I am endlessly fascinated by the concept of collective human consciousness.

I was introduced to the concept by my AP Biology teacher. He told us about an experiment where a group of chimpanzees were split into two separate troupes and taken to opposite ends of the continent. Both groups of monkeys were put in identical cages, and taught how to use a key to open the door. In the next phase of the experiment, they placed the key a few feet away from the bars (out of the chimps' grasp) and gave them a pole with a hook. For a month, the chimps remained oblivious to the simple tool that would so easily facilitate their escape. Then, the scientists taught the first group how to use the hook to grab the key, and within a week, the second group - on the other side of the continent, mind you - figured out how to use the pole without any human assistance. Jesse mentions a similar experiment dealing with crossword puzzles in Waking Life.

To be completely honest, I love the idea. It gives credence to a lot of little things in my life; things like the euphoric sense of oneness with an author who somehow manages to define an idea I've wanted to vocalize but couldn't, and the unshakable feeling that when I'm sitting completely alone at the top of a waterfall, dangling my feet in the spray, that I'm closer to the essence of humanity than I've ever been before. I like the potential it has; I mean, when I'm happy, I have the joy of 6 billion other humans to feed my own, and at the same time, I have a reason to try and feel the most brilliant joy that I can, to give something back. It's also a cool new facet to explore in the understanding of personal relationships. Perhaps a friendship isn't just two people who can talk or appreciate the same things, but who are actually feeding off of the "mental broadcasts" of one another. It's a little more intimate.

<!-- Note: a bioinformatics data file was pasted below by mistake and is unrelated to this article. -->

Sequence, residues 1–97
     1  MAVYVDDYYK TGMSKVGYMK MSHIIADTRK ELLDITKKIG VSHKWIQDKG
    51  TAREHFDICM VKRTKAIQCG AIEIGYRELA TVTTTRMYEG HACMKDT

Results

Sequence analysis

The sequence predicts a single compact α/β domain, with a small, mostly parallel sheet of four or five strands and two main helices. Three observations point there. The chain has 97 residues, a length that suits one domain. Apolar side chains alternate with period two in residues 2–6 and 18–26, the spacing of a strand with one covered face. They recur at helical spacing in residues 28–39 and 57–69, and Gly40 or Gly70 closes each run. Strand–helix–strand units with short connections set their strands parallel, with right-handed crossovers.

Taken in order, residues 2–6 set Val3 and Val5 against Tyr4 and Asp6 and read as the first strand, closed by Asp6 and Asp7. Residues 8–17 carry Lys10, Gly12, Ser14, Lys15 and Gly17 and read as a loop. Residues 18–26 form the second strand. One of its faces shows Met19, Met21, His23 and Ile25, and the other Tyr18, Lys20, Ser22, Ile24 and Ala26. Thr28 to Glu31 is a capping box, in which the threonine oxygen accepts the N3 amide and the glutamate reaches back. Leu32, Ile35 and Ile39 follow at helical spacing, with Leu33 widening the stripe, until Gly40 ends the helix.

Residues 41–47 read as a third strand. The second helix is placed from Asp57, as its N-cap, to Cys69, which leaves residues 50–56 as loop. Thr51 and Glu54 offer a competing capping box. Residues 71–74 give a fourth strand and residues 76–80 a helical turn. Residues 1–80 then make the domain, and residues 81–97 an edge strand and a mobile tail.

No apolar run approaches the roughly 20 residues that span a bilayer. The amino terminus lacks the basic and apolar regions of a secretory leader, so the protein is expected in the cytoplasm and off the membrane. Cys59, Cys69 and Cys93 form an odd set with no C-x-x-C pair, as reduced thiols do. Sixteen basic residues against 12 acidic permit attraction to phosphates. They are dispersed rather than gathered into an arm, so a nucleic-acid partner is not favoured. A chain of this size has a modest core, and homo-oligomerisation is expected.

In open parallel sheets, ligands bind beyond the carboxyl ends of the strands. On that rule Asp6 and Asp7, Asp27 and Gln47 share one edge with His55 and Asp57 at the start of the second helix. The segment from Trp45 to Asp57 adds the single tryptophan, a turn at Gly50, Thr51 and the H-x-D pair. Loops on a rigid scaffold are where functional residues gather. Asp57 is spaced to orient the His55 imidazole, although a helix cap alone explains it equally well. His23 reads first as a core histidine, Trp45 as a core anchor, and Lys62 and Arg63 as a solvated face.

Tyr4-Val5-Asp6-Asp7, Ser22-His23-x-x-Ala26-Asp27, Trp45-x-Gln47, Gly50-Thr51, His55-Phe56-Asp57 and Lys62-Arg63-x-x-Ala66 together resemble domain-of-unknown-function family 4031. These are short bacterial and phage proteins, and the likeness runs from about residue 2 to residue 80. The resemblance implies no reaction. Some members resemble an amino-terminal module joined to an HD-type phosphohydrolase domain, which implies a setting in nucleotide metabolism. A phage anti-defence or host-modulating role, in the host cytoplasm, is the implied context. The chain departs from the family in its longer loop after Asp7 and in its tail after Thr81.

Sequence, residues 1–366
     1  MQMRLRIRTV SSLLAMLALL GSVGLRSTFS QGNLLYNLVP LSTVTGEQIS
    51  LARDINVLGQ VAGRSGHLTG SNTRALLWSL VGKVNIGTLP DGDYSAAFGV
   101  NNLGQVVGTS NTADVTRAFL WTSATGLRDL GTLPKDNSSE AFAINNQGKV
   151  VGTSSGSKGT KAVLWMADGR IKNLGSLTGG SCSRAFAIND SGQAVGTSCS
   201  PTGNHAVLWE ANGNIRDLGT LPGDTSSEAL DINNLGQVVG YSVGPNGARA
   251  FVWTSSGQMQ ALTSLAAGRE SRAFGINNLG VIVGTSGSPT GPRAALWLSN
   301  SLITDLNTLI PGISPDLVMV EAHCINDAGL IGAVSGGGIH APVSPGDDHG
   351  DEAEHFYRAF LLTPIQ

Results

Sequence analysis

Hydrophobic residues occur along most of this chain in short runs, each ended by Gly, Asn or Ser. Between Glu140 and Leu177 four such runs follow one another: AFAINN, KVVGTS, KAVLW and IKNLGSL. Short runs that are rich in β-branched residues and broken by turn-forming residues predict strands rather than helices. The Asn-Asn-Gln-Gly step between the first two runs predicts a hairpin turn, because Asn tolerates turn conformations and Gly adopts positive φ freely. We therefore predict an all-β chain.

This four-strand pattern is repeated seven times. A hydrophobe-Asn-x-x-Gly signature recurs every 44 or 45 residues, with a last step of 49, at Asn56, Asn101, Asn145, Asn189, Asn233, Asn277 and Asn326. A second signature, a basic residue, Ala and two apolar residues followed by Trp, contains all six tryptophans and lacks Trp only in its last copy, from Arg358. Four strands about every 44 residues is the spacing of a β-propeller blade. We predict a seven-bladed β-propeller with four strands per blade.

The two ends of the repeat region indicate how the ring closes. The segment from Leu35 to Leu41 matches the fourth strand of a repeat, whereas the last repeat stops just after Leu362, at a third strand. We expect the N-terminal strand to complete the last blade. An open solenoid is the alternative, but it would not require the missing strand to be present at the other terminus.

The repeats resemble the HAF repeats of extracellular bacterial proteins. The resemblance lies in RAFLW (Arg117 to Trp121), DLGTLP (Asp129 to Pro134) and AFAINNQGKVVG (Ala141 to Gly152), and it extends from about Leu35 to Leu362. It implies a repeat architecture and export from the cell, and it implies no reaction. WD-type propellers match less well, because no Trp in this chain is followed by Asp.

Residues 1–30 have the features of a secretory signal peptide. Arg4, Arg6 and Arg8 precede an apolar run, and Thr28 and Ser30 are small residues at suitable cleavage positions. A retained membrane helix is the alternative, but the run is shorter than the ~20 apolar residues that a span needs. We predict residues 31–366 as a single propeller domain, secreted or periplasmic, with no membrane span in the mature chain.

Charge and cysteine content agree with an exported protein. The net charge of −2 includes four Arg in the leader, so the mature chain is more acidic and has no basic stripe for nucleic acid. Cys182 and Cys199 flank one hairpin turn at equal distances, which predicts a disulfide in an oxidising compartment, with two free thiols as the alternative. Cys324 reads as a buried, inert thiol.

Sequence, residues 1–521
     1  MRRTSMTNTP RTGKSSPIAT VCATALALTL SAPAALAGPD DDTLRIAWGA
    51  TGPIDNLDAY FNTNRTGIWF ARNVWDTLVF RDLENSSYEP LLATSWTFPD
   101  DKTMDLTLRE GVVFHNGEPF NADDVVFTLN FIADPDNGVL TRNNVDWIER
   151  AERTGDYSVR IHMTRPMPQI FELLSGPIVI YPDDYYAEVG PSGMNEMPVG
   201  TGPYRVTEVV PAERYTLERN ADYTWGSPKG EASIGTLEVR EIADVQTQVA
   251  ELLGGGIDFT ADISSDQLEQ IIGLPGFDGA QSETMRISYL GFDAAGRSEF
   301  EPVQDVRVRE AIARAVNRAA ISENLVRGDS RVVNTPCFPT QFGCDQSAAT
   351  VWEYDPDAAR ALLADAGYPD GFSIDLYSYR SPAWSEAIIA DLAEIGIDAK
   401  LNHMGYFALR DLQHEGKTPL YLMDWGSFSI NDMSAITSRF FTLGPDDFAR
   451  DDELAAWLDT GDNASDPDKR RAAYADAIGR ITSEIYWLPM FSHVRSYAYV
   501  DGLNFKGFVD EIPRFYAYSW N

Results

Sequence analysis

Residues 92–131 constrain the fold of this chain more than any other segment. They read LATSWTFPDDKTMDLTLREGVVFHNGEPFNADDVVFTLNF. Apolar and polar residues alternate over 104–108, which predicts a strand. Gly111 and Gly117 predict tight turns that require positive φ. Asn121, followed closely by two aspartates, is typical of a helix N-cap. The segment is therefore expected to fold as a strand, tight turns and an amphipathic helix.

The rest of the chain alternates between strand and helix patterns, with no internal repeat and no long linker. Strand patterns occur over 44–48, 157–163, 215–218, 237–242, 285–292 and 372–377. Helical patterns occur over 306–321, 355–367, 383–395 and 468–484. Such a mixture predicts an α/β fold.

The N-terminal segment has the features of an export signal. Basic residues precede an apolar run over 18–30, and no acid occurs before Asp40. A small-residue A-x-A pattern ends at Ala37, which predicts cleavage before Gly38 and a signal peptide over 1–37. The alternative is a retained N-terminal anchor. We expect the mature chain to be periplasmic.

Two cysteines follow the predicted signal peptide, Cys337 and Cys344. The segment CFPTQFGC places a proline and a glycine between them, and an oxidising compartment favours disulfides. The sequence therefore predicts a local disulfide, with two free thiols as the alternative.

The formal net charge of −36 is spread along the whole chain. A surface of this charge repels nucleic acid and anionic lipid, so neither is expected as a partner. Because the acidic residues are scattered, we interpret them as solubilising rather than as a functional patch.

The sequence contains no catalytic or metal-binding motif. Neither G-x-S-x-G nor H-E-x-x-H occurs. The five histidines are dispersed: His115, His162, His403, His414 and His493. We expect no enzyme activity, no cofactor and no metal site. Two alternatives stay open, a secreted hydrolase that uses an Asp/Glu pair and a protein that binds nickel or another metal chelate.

You start to walk a really fine line, though. Ayn Rand seems to really dislike the concept of collectivism, and when it reaches a certain extent, I guess I'd have to agree with her. For example, in Atlas Shrugged, Dr. Ferris says, "There's no such thing as the intellect. A man's brain is a social product. A sum of influences that he's picked up from those around him. Nobody invents anything, he merely reflects what's floating in the social atmosphere. A genius is an intellectual scavenger and a greedy hoarder of the ideas which rightfully belong to the society, from which he stole them. All thought is theft." I don't agree with that at all. If we begin to look at life that way, thousands of new ways to break man's spirit begin emerging. In another of her books, Anthem, Rand discusses the possibility of the other extreme: not the concept that all new ideas belong to society, but the concept that unless all of society discovers it, there is no idea. I think that the second possibility is almost worse, you know? There's not really a way to give anything back; it's all consuming, no producing. What sort of bleak existence is that?

So, it's not that I want to become an emotional or an intellectual monopolist, but at the same time, I don't want to owe my musings to a society that demands it.

Boy, who is John Galt, huh?